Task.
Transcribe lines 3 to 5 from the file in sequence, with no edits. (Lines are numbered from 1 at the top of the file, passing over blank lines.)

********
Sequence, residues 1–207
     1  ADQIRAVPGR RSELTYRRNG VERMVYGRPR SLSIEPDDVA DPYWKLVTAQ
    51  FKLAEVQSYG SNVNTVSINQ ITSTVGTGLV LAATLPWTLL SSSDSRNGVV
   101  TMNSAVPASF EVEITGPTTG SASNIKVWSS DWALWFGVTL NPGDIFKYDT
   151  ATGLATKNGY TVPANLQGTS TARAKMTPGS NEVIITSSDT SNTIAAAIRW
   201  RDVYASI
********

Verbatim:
    51  FKLAEVQSYG SNVNTVSINQ ITSTVGTGLV LAATLPWTLL SSSDSRNGVV
   101  TMNSAVPASF EVEITGPTTG SASNIKVWSS DWALWFGVTL NPGDIFKYDT
   151  ATGLATKNGY TVPANLQGTS TARAKMTPGS NEVIITSSDT SNTIAAAIRW